"O, it's awful," groaned the victim; this time the captain gave a tremendous jerk. The leg gave way, and the fat servant of Uncle Sam was flung upon his back with what he thought the severed limb of his unfortunate companion in his hands ! A howl of poignant anguish, intermingled with smothered laughter, rung out upon the night air, calling every one from their beds to the tent, where they beheld the victimized captain in a state of horror and amazement, gazing upon the dead limb lying before him. He was incapable of speech or motion. He had, as he imagined, destroyed his beloved comrade, and his extremity wa such that the valuable faculty, "presence of mind," which he boasted he possessed to such a remarkable degree (vide "the bear story" and others equally demonstrative), had entirely deserted him; but the roars of Dick, and the uncontrollable laughter of the crowd, brought him soon to his senses. He looked around, saw Dick sitting on the bed, boasting the ownership of two good legs. A light broke in upon him; he jumped up with a look of disgust, and, with many anathemas, went to his chest, opened it, placed the decanters upon the table, lit his pipe, and was soon enveloped in a cloud of smoke.
The cure was an effective one, and we never afterwards heard the captain (though we met him several times) indulge in detailing his extraordinary personal reminiscences.
Another specimen of of humor was perpetrated at this camp upon a regimental surgeon, nearly as good as the former. A certain officer, desirous of tasting the doctor's brandy, which, by the by, was rarely produced, went to him one morning and said, --
"Doctor, an old ailing of mine has returned after an absence of about a year, and I fear, if not soon attended to, the consequences will be serious; as it is, it totally unfits me for duty."
"What is it, lieutenant?" asked the doctor, blandly, as he motioned the patient to a seat.
"I don't know exactly what to term it, doctor," replied our friend. "My arm is completely dead, and I find it utterly impossible to move it;" and, with a very doleful expression, he lifted up the "deceased" limb, holding it with the right hand under the scrutiny of the doctor. The officer wore one of the heavy military coats with wide sleeves, which he kept closed together with his hand. The doctor took hold of the arm, and started with astonishment when he felt how cold it was.
"Why," said he, "it's heavy as lead and white as wax ! Your hand, lieutenant, appears to be completely dead;" and he looked into the eyes of the unfortunate man with an expression of profound sympathy on his face.
"Yes, I know it is, doctor, but it has been so before, and has been cured for a time, and I think can be cured again."
"Ah, indeed ! Who attended you before, lieutenant?"
"Doctor ___," was the reply.
"What did he prescribe?" continued the doctor.
"Brandy," moaned the patient, to smother his desire to laugh.
"Brandy ! Well, that's curious ! How soon does it operate?"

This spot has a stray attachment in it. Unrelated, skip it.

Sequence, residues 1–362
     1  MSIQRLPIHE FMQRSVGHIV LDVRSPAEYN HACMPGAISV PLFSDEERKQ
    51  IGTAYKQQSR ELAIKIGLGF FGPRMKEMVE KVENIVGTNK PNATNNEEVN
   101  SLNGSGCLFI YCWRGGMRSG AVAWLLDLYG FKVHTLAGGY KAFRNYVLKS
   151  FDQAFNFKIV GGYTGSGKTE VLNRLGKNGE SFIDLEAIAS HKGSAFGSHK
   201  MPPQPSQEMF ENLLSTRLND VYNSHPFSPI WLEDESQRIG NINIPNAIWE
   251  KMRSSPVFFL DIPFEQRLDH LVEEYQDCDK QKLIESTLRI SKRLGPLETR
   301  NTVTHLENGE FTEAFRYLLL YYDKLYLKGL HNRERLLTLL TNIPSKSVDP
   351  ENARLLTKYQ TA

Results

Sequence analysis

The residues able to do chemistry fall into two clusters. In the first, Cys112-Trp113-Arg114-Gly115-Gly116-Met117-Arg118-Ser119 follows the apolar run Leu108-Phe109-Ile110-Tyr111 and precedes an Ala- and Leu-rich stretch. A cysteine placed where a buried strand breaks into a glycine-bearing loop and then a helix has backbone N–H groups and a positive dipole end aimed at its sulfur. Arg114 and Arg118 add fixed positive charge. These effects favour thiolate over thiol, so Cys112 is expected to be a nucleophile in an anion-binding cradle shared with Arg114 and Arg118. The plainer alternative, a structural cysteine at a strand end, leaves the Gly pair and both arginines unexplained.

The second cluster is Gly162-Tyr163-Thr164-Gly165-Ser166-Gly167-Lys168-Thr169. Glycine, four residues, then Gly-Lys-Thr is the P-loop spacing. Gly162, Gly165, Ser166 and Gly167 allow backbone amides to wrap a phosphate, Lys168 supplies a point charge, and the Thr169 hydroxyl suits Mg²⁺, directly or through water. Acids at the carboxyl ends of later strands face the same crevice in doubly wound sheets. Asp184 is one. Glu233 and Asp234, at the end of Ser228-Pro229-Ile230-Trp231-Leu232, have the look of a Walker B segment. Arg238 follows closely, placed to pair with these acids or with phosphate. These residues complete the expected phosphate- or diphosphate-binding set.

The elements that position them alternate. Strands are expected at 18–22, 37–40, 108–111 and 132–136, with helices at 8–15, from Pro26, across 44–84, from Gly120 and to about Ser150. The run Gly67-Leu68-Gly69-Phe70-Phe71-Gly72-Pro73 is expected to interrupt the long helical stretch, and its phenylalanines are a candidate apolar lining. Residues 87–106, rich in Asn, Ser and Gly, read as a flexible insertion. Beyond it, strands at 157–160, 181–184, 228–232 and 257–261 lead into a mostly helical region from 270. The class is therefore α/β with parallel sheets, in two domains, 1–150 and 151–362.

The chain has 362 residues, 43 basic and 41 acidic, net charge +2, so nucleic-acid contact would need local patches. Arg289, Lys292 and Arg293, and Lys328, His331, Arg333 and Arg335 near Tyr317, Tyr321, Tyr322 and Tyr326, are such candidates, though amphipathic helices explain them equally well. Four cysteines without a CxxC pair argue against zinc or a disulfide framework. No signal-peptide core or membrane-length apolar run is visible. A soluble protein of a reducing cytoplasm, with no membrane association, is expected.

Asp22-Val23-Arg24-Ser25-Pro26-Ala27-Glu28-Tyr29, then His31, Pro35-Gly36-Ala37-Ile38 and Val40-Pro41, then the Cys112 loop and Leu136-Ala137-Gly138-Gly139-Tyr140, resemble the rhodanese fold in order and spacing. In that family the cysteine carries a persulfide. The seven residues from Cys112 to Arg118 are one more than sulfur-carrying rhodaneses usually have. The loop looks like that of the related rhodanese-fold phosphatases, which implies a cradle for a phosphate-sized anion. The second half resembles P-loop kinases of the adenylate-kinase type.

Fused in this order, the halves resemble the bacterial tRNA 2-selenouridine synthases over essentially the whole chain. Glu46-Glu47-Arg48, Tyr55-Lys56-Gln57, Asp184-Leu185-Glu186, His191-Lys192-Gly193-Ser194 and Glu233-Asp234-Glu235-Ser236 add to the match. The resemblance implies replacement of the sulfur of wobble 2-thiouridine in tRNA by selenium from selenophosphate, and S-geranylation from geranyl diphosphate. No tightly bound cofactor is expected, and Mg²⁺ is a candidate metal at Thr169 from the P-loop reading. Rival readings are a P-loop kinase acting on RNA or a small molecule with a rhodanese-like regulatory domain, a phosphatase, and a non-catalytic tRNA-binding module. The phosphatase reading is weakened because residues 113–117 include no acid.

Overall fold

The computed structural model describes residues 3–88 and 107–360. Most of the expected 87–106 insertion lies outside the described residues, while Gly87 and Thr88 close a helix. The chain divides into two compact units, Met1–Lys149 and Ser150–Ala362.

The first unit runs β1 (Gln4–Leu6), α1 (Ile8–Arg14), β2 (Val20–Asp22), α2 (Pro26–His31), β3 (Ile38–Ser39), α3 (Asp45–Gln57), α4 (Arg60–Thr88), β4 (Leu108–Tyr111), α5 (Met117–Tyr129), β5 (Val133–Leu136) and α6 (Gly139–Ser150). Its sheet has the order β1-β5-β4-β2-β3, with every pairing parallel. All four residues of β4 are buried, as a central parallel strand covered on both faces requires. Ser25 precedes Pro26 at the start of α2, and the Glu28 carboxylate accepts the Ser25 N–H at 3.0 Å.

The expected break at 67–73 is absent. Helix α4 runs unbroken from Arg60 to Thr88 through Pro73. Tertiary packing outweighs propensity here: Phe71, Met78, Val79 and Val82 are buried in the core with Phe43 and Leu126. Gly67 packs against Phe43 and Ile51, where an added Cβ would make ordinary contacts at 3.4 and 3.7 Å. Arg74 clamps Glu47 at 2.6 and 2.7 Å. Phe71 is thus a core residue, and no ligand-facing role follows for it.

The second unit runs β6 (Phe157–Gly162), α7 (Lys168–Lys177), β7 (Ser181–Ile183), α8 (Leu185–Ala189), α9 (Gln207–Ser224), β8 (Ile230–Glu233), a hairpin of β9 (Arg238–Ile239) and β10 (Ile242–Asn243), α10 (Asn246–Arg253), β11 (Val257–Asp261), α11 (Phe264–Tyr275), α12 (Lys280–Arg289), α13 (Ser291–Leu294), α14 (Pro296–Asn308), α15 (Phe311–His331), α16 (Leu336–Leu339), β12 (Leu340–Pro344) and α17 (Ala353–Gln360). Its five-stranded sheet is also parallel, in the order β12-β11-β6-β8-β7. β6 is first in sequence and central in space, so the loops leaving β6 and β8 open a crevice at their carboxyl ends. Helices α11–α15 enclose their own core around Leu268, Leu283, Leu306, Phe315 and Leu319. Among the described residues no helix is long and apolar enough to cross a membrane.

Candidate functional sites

"Sometimes in an hour, sometimes in two; generally in an hour."
The doctor let go his hold of the hand, and, going to a large black bottle, poured out a good half glass, at the same time saying, "There, take that." The officer took the glass and hastily swallowed its contents. He then got up, and was moving away, when the doctor said, "Call in again in a couple of hours, and let us see what effect the medicine has."
The lieutenant bowed and passed out.
"A very curious case, indeed," muttered the doctor, as he resumed his pill and quinine operations. In about two hours his patient again presented himself, showed his hand, and the doctor found it was all right.
"Well, that's devilish curious," quoth the doctor. "In all my experience, and it's not a short one, I never met a parallel case. Brandy has many peculiar properties which are as yet undiscovered; but in a case of complete paralysis I never knew its power as an important curative, or even such an auxiliary as it has proved in your case. The examination of the paralysis and the healing properties of brandy, as applied to the disease, would, I think, throw a new light on science, and, if you have no objection, I will convene a meeting of the surgeons of the brigade upon this most astounding case, the result of which I will submit to the medical director of the corps."
"Doctor," returned the audacious wag, "to benefit science I would undergo any experiment upon the unfortunate limb; and I heartily assure you, that whenever the consultation is called I shall be entirely at your service."
The doctor produced the coveted brandy, and another libation was had in honor of the unfortunate member.
The hour appointed by the doctor (who was to throw new light on science) for consultation arrived. The surgeons of the brigade and some officers were assembled at his quarters. The doctor then sent his "dark Adolphus" to the quarters of the officer owning the extraordinary limb. Our boy returned with a package and a note. The doctor seized the note with some astonishment, tore it open, and began to read it. As he went on an expression of blank dismay came into his countenance. At last he flung down the note with an expression of rage. "One of ours" picked it up, and read aloud, --
MY DEAR DOCTOR: I have been called hurriedly away, and cannot attend the consultation which is "destined to throw so much light on science." I forward you the limb which you say is in a state of complete paralysis. I trust, when you have carefully examined it, you will "strike" the before-mentioned "light." I hope also that you will demonstrate to the satisfaction of the wise men assembled that "brandy" has many peculiar properties which are as yet "undiscovered," and which, I may say, so far as your brandy is concerned, will remain undiscovered. Thanking you for your kindness to me while under your care, and with many compliments upon the goodness of your brandy,
I am, my dear doctor,
Yours truly obliged,
The loud roars of laughter which followed the reading of the note and the examination of the package would be impossible to describe, and for several minutes the doctor's tent was in a great uproar. THe doctor himself finally joined in, and in a little while resumed his good humor, and sent for the successful wag. He then produced the article containing so many "undiscovered properties." It is unnecessary to add that the consultation was eminently satisfactory, and we think the disciples of Galen went away in a slightly "obfuscated" state.